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"Doctor Who" Journey to the Centre of the TARDIS (TV Episode 2013) Poster

Trivia

Jump to: Spoilers (3)
When Clara is in the Doctor's room of trinkets she finds the cot the Doctor told Amy he slept in as an infant. She also picks up one of the toy TARDIS' Amy made as a child.
When Bram removes part of the TARDIS console, the past leaks through. Heard, in order, are the voices of Susan Foreman in Doctor Who: An Unearthly Child (1963), the Third Doctor and Jo Grant in Doctor Who: Colony in Space: Episode One (1971), the Eleventh Doctor and Idris in Doctor Who: The Doctor's Wife (2011), the Fourth Doctor in Doctor Who: The Robots of Death: Part One (1977), the Ninth Doctor in Doctor Who: Rose (2005), Martha Jones in Doctor Who: Smith and Jones (2007), Amy Pond in Doctor Who: The Beast Below (2010), Ian Chesterton in Doctor Who: An Unearthly Child (1963), and the Fifth Doctor in Doctor Who: Time Crash (2007).
This episode is only the third time since the shows revival that the areas of the TARDIS outside the control room have been shown.
This is the first time the whole of the Eye of Harmony has been seen.
The rooms that Clara comes across on her initial exploration of the TARDIS are the Doctor's workroom, an observatory, an indoor swimming pool, and a library.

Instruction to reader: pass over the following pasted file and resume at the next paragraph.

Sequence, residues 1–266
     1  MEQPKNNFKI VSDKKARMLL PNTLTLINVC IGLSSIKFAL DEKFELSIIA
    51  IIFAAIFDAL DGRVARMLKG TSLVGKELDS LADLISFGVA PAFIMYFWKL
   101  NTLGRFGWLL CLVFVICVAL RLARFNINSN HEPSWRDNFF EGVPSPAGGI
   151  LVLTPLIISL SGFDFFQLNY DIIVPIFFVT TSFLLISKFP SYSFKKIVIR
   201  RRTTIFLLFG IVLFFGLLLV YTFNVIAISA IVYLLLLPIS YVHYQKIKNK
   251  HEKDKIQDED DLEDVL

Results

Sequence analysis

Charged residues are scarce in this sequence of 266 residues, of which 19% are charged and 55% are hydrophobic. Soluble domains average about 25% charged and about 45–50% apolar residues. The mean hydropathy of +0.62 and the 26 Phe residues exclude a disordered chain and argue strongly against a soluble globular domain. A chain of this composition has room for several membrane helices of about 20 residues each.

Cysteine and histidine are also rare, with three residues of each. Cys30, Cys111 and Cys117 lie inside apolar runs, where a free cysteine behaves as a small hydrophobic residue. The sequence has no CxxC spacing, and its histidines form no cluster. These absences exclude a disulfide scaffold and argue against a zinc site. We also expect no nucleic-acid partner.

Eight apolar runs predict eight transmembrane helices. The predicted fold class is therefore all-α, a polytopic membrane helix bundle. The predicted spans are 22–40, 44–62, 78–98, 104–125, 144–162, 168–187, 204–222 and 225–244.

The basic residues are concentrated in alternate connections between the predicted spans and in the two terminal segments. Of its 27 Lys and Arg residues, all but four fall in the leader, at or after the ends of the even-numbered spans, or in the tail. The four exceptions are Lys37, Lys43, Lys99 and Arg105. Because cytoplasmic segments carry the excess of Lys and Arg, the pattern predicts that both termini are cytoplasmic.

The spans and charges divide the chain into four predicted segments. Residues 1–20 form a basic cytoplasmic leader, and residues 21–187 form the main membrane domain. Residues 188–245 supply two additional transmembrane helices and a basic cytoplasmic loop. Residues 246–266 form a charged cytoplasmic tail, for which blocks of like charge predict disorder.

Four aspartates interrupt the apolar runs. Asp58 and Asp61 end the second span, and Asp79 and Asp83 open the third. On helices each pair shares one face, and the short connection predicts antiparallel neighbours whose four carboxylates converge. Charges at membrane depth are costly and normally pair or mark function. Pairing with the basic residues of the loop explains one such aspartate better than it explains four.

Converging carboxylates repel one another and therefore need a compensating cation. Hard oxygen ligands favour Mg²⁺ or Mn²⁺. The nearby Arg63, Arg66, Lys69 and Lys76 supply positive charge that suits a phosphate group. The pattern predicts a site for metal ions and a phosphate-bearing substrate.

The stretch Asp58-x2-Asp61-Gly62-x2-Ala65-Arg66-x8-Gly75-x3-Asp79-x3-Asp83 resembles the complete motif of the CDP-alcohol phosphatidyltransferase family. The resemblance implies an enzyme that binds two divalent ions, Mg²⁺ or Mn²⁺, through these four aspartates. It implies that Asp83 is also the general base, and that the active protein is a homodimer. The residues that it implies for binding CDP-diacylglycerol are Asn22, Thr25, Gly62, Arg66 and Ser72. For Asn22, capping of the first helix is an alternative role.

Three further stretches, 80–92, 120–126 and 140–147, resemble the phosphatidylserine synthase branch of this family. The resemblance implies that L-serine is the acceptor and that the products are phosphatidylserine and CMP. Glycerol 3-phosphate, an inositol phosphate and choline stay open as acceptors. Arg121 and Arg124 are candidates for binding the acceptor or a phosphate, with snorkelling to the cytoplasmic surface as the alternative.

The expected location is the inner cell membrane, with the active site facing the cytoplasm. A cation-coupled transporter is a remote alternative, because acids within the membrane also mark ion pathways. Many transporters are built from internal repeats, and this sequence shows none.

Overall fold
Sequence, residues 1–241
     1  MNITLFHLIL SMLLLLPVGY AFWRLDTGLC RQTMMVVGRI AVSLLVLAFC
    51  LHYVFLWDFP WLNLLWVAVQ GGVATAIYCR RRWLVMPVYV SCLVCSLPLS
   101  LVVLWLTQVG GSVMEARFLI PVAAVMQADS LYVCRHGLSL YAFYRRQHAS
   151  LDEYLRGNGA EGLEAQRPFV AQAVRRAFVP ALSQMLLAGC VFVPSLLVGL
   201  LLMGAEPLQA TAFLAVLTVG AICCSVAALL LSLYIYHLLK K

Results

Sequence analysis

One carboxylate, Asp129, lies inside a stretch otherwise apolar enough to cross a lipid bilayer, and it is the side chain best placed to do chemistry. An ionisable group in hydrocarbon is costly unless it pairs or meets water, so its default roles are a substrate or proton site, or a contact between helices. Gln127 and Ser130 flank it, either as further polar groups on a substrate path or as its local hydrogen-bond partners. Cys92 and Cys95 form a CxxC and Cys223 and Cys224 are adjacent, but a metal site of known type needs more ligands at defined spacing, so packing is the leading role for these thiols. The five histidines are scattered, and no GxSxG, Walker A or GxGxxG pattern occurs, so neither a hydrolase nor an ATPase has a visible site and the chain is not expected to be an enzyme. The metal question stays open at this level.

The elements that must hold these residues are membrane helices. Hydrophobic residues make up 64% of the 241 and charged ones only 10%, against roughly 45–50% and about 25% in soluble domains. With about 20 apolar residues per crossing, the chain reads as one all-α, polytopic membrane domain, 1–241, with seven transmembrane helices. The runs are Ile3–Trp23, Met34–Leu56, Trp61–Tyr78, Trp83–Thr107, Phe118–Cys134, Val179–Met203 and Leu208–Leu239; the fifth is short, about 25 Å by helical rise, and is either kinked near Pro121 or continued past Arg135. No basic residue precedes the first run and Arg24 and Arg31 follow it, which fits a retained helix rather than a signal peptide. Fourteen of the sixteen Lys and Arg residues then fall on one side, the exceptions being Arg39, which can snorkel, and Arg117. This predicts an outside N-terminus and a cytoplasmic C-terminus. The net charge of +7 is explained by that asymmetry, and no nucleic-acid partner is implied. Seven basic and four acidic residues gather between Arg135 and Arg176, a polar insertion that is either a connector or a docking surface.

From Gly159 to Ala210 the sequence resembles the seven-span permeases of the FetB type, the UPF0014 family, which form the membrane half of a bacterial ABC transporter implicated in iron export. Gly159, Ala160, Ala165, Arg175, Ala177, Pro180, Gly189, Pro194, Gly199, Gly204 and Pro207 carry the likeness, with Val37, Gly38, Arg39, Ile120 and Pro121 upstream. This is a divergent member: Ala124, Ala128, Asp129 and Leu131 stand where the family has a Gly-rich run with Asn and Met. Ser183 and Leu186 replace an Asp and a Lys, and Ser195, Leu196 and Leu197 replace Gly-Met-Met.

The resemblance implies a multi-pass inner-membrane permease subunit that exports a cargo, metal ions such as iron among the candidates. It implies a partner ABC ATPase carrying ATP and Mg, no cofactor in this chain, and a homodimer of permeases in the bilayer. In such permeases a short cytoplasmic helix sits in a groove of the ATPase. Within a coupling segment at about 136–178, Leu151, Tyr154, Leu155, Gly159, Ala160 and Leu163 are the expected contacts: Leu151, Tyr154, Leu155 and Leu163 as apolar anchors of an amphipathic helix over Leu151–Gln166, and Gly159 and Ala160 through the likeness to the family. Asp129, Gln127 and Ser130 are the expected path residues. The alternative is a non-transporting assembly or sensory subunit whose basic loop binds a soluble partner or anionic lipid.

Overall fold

This is the first televised story to include the word "TARDIS" in its title.
The title is an obvious nod to the classic 1864 science fiction novel "Journey to the Centre of the Earth" by Jules Verne.
Although the action was normal in the classic series, this is the first time since the series restarted that the Doctor has closed the TARDIS doors from the console, rather than manually shutting them or occasionally closing them by snapping his fingers.
Steven Moffat gave the concept of an episode discovering the centre of the TARDIS to Stephen Thompson. Thompson explained that this was because Moffat was "haunted" by Doctor Who: The Invasion of Time: Part Six (1978), which was set on the TARDIS but used hastily-constructed sets. Thompson was also interested in mathematics and remarked, "anything involving multi-dimensional geometry gets me excited".
At seven words long, this episode shares the record for the longest televised story title to date with Doctor Who: The Doctor, the Widow and the Wardrobe (2011), which also is a title inspired by a book/film.
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The TARDIS in the opening credits shakes to match the captured TARDIS in the magno-grab.
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Sarah Louise Madison (Time Zombie) played a Weeping Angel.
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Steve Thompson initially thought back to his days as a teacher, and came up with a story in which the TARDIS crashed into a school trip, unleashing a gaggle of teenagers into the time machine who cause it to malfunction. Steven Moffat disliked this idea, and so Thompson suggested replacing the students with a salvage team.